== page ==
Your content is a business asset. You invested in planning it, creating it, storing it, and building it onto your website. Like any business asset, it has value—until it doesn’t. What causes content to lose value? Currency, relevance, fit with the audience, ability to generate business value.
How do you stay on top of your content? Imagine that you are managing the inventory in a retail store. You have purchased that inventory, put it out on the shelves, perhaps built special displays to highlight some of it. But then what? Do you just leave it as-is? No, you continually take stock—inventory—that merchandise. You keep track of what you have, how much of it you have, how well it’s selling. You change up the special displays periodically. You evaluate your foot traffic and the placement of the items so you can determine whether they would sell better in a different location. You look at what’s selling well and invest in more of it. And then, after all this ongoing evaluation, you decide what you no longer need—it’s past it’s expiration date or it isn’t interesting to your customer base.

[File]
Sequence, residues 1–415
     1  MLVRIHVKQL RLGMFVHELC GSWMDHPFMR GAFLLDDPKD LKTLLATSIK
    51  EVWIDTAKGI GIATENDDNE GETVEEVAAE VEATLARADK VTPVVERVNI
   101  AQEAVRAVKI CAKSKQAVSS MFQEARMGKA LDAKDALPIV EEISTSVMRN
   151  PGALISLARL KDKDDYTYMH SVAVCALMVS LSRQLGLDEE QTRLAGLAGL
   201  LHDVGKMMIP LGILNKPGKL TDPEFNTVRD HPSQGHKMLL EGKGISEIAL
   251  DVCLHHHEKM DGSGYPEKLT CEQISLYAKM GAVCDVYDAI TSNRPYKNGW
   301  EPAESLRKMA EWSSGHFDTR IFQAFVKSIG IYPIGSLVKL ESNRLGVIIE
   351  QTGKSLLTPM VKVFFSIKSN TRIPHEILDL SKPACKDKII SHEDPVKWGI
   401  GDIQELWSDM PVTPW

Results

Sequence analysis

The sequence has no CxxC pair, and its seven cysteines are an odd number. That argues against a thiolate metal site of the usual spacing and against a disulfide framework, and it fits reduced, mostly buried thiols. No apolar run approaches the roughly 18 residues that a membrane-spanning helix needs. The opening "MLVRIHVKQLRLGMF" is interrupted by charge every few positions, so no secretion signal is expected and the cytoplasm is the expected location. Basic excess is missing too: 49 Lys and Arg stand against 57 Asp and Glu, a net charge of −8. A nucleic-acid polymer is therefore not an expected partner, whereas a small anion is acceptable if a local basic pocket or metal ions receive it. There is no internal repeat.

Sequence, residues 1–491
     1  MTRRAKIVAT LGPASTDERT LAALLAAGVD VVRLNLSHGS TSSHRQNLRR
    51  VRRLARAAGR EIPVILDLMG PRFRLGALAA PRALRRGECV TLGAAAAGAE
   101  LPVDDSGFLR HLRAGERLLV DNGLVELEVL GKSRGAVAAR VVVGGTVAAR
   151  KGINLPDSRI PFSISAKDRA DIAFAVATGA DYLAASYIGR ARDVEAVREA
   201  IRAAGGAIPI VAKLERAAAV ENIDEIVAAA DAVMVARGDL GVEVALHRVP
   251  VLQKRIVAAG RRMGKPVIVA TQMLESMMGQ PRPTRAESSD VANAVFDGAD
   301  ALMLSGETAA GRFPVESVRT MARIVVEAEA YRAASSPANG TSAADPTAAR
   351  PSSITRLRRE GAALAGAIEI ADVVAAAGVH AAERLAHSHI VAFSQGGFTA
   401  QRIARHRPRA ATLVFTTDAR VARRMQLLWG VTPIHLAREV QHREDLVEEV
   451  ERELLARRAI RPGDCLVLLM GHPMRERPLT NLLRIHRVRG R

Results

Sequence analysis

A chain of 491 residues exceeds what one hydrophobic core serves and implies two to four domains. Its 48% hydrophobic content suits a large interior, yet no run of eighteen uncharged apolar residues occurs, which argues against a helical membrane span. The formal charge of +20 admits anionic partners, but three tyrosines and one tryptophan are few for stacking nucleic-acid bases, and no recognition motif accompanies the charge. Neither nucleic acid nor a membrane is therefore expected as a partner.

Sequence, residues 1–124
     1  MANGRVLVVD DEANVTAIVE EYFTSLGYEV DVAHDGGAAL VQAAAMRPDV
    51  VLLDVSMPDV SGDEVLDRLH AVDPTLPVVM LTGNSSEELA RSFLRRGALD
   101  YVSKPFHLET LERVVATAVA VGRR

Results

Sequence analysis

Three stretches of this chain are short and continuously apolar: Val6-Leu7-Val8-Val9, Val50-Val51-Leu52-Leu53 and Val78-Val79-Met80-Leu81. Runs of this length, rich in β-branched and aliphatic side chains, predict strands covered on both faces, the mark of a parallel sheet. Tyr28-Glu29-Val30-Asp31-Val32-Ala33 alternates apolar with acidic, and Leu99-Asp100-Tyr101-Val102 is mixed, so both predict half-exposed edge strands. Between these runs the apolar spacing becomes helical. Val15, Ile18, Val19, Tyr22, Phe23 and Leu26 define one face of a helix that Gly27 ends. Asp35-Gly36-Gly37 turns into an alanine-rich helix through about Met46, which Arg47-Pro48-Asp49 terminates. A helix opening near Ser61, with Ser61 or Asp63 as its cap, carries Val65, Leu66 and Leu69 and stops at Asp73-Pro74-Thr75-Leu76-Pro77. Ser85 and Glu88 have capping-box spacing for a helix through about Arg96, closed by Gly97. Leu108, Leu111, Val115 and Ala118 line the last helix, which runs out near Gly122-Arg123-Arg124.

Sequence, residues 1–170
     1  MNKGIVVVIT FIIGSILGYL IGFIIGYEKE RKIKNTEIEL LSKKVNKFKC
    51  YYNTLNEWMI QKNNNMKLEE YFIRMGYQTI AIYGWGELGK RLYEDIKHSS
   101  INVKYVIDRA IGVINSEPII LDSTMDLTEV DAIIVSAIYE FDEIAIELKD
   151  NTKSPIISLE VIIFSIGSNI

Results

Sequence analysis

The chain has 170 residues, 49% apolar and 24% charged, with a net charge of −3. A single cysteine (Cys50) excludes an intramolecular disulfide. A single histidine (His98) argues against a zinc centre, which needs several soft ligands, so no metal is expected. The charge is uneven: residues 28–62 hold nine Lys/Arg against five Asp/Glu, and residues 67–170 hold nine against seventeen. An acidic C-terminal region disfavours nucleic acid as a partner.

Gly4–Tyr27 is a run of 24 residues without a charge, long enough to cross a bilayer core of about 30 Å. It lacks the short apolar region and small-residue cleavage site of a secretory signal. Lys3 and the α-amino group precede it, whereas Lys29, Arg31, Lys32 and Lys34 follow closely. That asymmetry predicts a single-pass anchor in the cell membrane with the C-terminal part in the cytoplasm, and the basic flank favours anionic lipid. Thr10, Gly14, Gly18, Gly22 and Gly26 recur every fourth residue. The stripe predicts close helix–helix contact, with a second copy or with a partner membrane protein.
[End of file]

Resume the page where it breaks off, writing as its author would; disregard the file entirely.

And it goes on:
The same process can be applied to your content. You can manage your inventory and ensure that you have the most current, relevant content readily available to your preferred audiences. You can see what isn’t resonating any more and decide whether it’s because it’s obsolete, of poor quality, or misplaced.
It all begins with the content inventory. Using CAT, periodically inventory your content. Incorporate your Google Analytics data (or post-add other data) so you can use that to help determine the high and low points. Compare results over time and use your inventory as the foundation of a qualitative audit. The inventory, particularly with analytics incorporated, helps you identify patterns in your content structure, find issues such as missing or duplicated titles and metadata, and zero in on the content you need to take a closer look at.
The rolling inventory and audit can be done at whatever frequency makes sense for your business—if your content changes frequently, you will want to do it more frequently. But at minimum, looking at all your content at least yearly is a critical part of maximizing your investment in that asset. Your site will be cleaner, more focused, and will better serve your audience if your content inventory has been managed for currency, quality, and relevance.
Paula Land is co-founder and CEO of Content Insight and author of Content Audits and Inventories: A Handbook.